Indeed, what all of Hewitt’s debt-reduction proposals have in common is that the burden of implementing them falls disproportionately on everyday Americans – and so exposes the fraudulence of Republican assertions that the intended beneficiaries of their tax “reform” were middle class families from the start.

Hewitt thinks only those Republicans “who fear Democratic demagoguery” will fail to fully embrace his tax proposals. He might be right about Republican timidity. But it’s hard to endorse Hewitt’s accompanying accusation that critics of the Republican tax plan are engaged in “demagoguery” when all they are really doing is the math.

Views: 107

Comment by koshersalaami on November 10, 2017 at 10:07am

This is a complete sham. One clause is making tuition waivers for grad students taxable. These people are stark raving nuts. 

Forget for a moment about the functional disaster they're proposing, which will be miserable for business and which George W. Bush already proved Won't Work. 

On the other hand, let's look at why the Bush tax cuts didn't work, being as no one, Not Even Democrats, ever asked.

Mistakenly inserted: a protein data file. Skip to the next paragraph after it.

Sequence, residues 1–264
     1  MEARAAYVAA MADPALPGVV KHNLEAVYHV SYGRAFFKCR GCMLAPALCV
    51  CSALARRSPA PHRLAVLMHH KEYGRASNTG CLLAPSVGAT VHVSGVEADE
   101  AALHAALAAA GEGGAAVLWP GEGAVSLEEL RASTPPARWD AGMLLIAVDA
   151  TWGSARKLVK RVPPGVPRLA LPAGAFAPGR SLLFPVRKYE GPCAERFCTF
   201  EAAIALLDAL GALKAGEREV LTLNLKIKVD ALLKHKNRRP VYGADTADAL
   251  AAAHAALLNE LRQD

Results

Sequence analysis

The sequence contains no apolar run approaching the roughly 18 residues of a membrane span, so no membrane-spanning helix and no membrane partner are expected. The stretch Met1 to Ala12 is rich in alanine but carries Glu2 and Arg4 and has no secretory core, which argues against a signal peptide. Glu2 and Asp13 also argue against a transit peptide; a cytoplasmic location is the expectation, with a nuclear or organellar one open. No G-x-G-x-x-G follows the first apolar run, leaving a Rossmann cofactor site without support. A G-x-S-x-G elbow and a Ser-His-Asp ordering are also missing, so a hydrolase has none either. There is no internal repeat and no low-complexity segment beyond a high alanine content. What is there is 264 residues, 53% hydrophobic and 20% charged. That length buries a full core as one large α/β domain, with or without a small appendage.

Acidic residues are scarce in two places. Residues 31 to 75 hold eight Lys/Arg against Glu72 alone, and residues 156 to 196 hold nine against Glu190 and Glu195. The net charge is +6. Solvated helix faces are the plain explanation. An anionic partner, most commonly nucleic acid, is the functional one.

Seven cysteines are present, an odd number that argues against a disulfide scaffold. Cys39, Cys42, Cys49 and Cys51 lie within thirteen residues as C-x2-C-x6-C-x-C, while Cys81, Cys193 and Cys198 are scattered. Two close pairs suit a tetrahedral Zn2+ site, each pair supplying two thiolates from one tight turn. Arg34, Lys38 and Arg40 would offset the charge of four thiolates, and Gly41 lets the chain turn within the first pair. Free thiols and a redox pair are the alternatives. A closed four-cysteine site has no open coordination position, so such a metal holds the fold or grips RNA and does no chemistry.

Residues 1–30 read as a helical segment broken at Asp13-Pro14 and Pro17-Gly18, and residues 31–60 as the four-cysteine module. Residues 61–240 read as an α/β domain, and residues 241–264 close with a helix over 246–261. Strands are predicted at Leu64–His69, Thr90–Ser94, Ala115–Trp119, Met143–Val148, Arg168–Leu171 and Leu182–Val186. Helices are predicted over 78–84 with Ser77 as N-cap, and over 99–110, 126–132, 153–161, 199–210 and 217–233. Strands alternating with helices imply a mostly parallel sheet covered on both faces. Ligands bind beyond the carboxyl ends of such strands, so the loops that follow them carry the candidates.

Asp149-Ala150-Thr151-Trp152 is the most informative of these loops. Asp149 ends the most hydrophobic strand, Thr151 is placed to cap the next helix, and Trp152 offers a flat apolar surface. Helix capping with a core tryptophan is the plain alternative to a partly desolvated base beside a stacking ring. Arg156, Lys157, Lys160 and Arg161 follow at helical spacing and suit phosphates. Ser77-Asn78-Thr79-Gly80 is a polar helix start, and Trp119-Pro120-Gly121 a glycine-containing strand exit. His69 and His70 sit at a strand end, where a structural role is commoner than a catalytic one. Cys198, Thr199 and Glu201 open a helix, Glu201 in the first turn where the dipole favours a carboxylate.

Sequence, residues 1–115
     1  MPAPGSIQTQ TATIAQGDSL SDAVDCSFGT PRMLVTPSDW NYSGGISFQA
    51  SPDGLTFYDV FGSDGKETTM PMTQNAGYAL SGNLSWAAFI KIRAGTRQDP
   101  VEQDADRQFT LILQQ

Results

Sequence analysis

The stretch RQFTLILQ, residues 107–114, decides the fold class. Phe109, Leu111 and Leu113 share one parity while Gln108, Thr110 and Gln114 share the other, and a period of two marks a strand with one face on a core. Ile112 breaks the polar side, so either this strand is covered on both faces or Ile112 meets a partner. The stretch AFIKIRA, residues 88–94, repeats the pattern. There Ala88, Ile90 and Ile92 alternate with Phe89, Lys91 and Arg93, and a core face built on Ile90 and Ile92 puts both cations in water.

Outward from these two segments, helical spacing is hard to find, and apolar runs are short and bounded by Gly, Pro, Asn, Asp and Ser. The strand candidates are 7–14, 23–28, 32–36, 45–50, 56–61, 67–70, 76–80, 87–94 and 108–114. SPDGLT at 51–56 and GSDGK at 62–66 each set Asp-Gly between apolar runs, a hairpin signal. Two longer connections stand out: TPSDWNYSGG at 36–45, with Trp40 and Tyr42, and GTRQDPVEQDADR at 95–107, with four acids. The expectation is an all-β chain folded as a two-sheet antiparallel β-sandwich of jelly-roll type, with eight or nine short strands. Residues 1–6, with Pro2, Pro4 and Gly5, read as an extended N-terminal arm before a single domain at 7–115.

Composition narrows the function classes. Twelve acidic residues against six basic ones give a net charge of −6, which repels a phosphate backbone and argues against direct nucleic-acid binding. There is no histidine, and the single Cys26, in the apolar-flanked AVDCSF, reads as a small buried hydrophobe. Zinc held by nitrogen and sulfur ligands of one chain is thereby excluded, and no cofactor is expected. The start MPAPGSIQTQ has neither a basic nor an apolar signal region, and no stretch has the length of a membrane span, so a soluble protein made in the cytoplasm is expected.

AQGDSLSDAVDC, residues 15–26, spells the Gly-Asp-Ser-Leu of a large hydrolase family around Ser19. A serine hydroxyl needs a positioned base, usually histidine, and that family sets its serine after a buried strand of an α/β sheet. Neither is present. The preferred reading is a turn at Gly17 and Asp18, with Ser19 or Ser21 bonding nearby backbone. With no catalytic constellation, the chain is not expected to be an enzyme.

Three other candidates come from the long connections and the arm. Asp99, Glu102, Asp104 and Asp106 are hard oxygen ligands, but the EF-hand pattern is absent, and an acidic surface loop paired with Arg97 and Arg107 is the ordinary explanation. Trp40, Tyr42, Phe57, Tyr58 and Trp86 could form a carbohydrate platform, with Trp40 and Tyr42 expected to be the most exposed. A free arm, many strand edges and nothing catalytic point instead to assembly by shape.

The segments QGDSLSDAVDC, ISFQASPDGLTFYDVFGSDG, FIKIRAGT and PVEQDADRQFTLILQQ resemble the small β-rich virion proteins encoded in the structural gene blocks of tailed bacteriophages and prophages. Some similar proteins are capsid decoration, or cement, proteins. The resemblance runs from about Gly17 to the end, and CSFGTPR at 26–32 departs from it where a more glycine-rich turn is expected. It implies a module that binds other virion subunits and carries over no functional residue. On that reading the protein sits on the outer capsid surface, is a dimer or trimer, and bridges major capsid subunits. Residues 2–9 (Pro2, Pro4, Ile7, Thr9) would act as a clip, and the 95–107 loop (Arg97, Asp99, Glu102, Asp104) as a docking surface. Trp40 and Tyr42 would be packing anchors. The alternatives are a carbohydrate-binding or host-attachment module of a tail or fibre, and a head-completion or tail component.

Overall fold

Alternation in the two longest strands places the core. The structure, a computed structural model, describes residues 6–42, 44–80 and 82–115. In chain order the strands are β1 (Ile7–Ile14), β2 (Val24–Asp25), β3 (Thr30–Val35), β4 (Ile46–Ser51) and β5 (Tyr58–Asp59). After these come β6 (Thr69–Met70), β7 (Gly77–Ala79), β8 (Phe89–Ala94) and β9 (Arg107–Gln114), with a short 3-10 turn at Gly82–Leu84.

The Bush approach addressed the problem of insufficient available capital.  Except that's not the problem. 

Why did the wealthy pocket their tax cuts instead of using them to invest in ventures that hire people? 

There's only one possible answer:

Those ventures weren't profitable enough. 

Why not?

last figures I saw, the poorest 40% of,the population had 0.3% of America's wealth. 

This means that for a lot of businesses two out of every five American customers are AWOL. 

If we want investment, increase demand. Put money in their hands. Unlike the rich, they have to spend it quickly. 

Let's look at who the Republicans are protecting with getting rid of the estate tax. Let's say that one of the Koch brothers dies and leaves his entire estate evenly divided to his wife and kids. One of them has three kids. Let's use that example. 

Let's say the estate tax were a draconian and effective 99%. No shelters. Government gets 99%.I'm not suggesting that, by the way. Upon his death, his wife and kids would be forced t survive on a little over one hundred million dollars.